By on May 31, 2016

BMW 8 Series

BMW plans to re-introduce the range-topping 8 Series in order to battle its German competition, a report says.

A company insider confirmed to Auto Express that the ultra-luxury two-door, which originally ran from 1989 to 1999, will return to the lineup.

As part of a planned shuffle of its GT vehicles, the 6 Series will go head-to-head against the Porsche 911, losing its mainstream layout and adopting a traditional grand tourer personality. That image swap will likely see the 6 Series lose its backseat.

What prodded BMW in this direction? Thank Mercedes-Benz, which blanketed the automotive landscape with an entry in every category and class. The boys from Bavaria aren’t happy about this, and plan to fight the likes of the Mercedes-AMG GT and S63 on their own turf.

Earlier this spring, BMW filed trademark applications to gain control of 8 Series nameplates. The automaker sought the 825, 830, 835, 845, 850, M850 and M8 model names, but it wasn’t known until now whether they planned to do anything with them.

The original 8 Series drew power from a range of V8 and V12 engines. BMW can easily source the powerplants from its own model lines, with the 7 Series’ twin-turbo 6.6-liter V12 (borrowed from the Rolls-Royce Ghost) available for exclusivity.

The company source didn’t say when exactly the 8 Series would reappear, but did mention that the lineup shuffle is “imminent.”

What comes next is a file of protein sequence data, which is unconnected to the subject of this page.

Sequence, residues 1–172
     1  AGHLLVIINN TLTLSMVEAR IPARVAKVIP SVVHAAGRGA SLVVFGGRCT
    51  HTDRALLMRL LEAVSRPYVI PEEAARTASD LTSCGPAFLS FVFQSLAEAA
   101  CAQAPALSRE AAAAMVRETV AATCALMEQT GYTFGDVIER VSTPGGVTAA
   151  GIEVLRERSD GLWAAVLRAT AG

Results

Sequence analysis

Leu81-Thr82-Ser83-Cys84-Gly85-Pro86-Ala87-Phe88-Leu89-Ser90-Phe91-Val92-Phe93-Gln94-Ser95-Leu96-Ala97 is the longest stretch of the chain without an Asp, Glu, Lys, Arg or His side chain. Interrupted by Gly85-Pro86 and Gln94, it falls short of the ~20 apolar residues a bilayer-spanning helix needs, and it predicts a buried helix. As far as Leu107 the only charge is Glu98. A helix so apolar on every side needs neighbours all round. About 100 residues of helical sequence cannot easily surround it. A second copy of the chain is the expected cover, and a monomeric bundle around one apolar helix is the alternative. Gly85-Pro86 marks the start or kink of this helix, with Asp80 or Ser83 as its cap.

[Image: Shane K/Flickr]

Get the latest TTAC e-Newsletter!

23 Comments on “The 8 Series Returns! BMW Plans Lineup Shakeup to Combat Rivals...”

  • avatar

    Given modern vehicle sizes, I wonder if Gross Vehicle Weight requirements will force new 6 series owners to stop at weigh stations.

    • 0 avatar

      I’m with you on this 100%. This thing will have the curb weight of an X5M with the interior space of a Mini Coupe.

      Never mind the fact that both of these brands have so many models most of them don’t even get floor space at most dealers. Good luck seeing a 4 series Gran Coupe in the metal before you buy it.

    • 0 avatar

      GVWs are flouted in my area… all the tax perks and CAFE exemptions yet still clogging up the streets daily in my residential neighborhood. With bumpers aimed squarely at my car’s windows, I can’t image the damage they would do in even a 2 MPH parallel parking “accident.”

  • avatar

    Was it an M-Sport M760iL XDriveis with M package and Sport package at least?

  • avatar

    The i8 is as much of an 8-series as the i3 is a 3-series.

    The 8 was a large, luxurious GT with a sufficiently large engine displacement to match.

    I thought the i brand was a completely separate thing with no real parallel to the non-i models. Completely different intent and image than the traditional model lineup.

  • avatar

    As long as there is an 850i Gran Coupe, X8 with 5 inches of ground clearance, and an X8Combi with a thrid row, I’m good.

  • avatar
    Kyree S. Williams

    This makes sense. There is a giant gap between a loaded 7-Series (or even an i8) and the starting price for a Rolls-Royce Ghost. BMW could stand to occupy that market. A truly large coupe to go up against the S-Class coupe (which, in my mind, is nicer than the Bentley Continental GT that costs tens of thousands of dollars more) is in order, so I’m excited about a new 8-Series.

    • 0 avatar

      Yep. Along with something to compete with the S600 Maybach, as while the new 7 is quite technologically advanced and drives well enough, it doesn’t have the presence or the rear-seat exclusivity that seems to do so well in the Chinese market.

    • 0 avatar

      BMW is barely making noise with the 7 series though. The 8 can only do worse.

      People joke but an X7/X8 would be BMW’s best bet.

      • 0 avatar